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Frequently Asked Questions

1. We, as the overseas owner/operator already contract with an approved contractor for sludge removal. Do we need to enter into another contract for clean-up response?
Yes. The requirements for sludge removal are completely separate from clean-up response. There are separate MSA approval procedures for sludge contractors and for clean-up contractors. Owners are therefore recommended to enter into separate contracts for sludge removal and clean up response, even if the contractor is the same for both.

2. We are an overseas owner/operator with a branch company/office in China but the branch company/office does not have the resources to conclude contracts with SPROs directly, can we use an agent to sign the contract with SPROs on our behalf? If we can, who in the company should appoint the agent, the overseas head office or the branch office in China?
Yes, an agent may be used. The SPRO contract can be signed either by the Legal Representative of the overseas owner/operator, the Legal Representative of the overseas owner¡¯s/operator¡¯s branch company or office or by an authorised Agent. If an Agent is to be used the Legal Representative of the overseas owner/operator should appoint the agent using an LOA and in some cases a contract.

3.Who, in the Head office or branch company or office of the overseas owner/operator, should sign the contract with the SPRO?
The Legal Representative in the relevant office or other person legally authorised to do so. In exceptional circumstances the master may sign the contract on behalf of the owner/operator.

4.Who should sign the contract on behalf of the SPRO?
The Legal Representative or another person legally authorised to do so by the SPRO.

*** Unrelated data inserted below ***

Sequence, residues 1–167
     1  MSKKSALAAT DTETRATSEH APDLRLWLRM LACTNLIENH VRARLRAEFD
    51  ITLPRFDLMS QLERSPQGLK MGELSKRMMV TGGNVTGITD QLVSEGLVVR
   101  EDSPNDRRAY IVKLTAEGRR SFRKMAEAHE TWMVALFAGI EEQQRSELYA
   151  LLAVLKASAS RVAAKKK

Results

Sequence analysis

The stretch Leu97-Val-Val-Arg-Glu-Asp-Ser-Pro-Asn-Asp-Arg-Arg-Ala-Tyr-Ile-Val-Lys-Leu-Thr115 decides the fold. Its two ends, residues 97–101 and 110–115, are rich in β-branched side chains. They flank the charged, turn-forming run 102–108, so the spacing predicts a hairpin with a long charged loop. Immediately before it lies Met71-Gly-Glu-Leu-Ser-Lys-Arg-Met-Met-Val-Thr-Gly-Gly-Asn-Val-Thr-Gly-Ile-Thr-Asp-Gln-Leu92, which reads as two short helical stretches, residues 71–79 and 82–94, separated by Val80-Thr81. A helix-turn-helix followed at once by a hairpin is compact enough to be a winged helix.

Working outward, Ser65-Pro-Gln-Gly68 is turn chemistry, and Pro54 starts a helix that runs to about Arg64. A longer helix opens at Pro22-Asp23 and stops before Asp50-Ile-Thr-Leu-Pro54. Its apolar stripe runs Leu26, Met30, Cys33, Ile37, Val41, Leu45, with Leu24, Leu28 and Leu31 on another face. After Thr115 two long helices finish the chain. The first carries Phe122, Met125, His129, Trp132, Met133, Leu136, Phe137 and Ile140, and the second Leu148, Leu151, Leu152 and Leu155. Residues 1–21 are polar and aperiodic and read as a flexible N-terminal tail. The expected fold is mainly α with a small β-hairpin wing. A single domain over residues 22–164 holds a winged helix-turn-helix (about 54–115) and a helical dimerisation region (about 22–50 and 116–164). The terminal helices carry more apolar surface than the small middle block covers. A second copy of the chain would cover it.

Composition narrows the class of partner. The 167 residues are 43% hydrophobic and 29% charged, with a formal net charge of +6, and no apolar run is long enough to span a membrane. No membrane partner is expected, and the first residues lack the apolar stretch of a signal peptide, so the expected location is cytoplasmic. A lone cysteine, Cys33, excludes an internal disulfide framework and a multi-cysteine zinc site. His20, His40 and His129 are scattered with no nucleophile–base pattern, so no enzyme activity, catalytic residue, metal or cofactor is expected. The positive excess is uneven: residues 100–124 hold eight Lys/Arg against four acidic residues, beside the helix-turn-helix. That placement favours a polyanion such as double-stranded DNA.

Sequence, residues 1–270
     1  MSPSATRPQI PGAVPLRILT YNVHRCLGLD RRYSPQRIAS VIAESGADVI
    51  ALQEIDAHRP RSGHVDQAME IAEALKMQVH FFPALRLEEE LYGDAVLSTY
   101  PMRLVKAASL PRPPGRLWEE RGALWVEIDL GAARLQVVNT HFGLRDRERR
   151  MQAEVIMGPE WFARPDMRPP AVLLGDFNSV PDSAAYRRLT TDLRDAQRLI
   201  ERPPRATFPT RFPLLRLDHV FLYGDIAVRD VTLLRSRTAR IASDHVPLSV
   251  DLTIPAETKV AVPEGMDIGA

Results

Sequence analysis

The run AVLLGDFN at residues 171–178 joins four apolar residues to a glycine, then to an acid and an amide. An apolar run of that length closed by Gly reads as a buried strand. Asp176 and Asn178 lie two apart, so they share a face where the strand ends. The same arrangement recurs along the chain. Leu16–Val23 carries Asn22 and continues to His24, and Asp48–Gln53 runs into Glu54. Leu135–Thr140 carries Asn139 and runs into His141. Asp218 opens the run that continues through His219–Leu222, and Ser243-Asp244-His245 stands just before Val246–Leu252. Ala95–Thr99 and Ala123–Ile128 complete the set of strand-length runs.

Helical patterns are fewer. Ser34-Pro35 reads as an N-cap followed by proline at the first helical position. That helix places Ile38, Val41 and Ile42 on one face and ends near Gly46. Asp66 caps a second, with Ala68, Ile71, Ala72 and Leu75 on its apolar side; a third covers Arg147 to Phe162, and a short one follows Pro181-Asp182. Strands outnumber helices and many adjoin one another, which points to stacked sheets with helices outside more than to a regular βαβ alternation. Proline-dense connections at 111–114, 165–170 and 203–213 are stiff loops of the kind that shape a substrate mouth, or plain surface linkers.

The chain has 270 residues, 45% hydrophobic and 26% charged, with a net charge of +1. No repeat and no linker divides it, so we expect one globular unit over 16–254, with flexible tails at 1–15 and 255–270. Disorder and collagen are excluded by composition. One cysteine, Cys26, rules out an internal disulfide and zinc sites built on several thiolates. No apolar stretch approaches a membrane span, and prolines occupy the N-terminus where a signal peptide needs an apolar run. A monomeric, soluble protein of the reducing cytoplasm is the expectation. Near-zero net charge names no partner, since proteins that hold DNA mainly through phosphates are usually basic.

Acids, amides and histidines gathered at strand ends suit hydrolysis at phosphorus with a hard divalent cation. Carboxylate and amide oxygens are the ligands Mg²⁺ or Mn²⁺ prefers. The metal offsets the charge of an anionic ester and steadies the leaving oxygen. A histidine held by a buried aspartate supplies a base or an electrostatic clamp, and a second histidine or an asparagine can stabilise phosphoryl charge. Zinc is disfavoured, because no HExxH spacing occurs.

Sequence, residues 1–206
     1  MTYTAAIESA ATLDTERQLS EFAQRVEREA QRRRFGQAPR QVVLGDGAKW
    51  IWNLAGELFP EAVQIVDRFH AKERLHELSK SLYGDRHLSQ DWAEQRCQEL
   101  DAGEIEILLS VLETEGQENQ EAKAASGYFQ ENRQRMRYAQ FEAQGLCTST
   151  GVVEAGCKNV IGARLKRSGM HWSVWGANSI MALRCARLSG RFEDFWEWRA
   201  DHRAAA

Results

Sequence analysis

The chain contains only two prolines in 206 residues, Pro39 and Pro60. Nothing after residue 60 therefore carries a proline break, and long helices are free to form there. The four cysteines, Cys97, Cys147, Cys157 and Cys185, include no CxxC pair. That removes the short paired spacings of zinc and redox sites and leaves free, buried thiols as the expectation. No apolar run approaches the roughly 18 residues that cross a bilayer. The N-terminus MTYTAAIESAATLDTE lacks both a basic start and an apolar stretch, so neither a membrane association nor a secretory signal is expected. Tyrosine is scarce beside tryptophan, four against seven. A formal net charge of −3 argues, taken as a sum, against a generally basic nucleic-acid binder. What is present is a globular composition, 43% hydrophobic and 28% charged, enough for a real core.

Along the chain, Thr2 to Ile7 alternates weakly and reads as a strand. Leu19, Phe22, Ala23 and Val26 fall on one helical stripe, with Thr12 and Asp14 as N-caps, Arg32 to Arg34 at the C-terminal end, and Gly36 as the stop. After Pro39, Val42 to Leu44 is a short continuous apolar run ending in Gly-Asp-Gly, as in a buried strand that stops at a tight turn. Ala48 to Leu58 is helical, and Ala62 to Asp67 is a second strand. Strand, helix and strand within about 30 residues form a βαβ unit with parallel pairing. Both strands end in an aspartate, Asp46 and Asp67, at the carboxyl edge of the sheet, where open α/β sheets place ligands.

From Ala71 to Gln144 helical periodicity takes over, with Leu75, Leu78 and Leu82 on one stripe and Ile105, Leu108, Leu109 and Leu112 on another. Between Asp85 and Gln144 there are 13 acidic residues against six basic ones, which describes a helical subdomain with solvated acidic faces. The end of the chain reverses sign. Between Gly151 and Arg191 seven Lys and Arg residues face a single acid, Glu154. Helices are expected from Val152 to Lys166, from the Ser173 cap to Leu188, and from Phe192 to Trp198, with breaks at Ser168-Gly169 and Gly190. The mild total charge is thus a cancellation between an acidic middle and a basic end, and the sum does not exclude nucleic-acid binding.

It is recommended that the SPRO should also put a company chop or stamp on the contract in addition to the signature because company chops/stamps are more important in China than signatures. All the company chops/stamps are filed with local police in China.

5.Should a charterer sign the contract with an approved SPRO?
No. Although the definition of "operator" included in the Revised Detailed Rules refers to the owner, manager or actual operator of a ship, which might conceivably include the charterer, it is the owner or manager of the ship who has primary liability in the case of a spill and it is therefore the owner who should sign the contract with the SPRO and have control of the clean-up operation in the event of a spill not the charterer. Club cover may be prejudiced for a charterer who voluntarily assumes pollution liabilities by contracting with a SPRO.

6.If, as an overseas owner/operator without a branch company, office or agency in China, we choose to employ a legally authorised agent to sign the contract with the SPRO, do we also need to sign a contract with that agent?
No but you will need to sign a letter of authorisation (LOA) authorising the agent to sign on your behalf. The International Group has prepared a proforma LOA as shown on the Club¡¯s web site. The proforma LOA is known to many legally authorised agents and this is the one in current use. It has the footer ¡°IG LOA dated 6 December 2011¡±. However, it is recommended that you also sign a contract with the legally authorised agent. Currently authorised LOAs will remain in force indefinitely or until the expiry date fixed.

7.Do we, as owner/operator, need to sign a separate LOA to authorise a person to sign each individual SPRO contract or can the LOA be sufficiently broad to include SPROs in several different ports?
The operator only needs to send and sign one authorisation letter i.e. the same letter can be addressed to and name different agents that have been authorised to perform specific functions (if this is the case), or it can be addressed to one agent who may be authorised to sign contracts with different SPROs in different ports for different vessels. Such agents must be legally established in China. The choice as to whether one or more agents are used depends on the nature of the owner¡¯s/operator's operations and trade to China.

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